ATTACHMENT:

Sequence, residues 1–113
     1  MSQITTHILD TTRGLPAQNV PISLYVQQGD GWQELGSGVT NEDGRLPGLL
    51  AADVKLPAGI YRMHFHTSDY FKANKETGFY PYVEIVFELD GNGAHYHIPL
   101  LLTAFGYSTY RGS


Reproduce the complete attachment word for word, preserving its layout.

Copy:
Sequence, residues 1–113
     1  MSQITTHILD TTRGLPAQNV PISLYVQQGD GWQELGSGVT NEDGRLPGLL
    51  AADVKLPAGI YRMHFHTSDY FKANKETGFY PYVEIVFELD GNGAHYHIPL
   101  LLTAFGYSTY RGS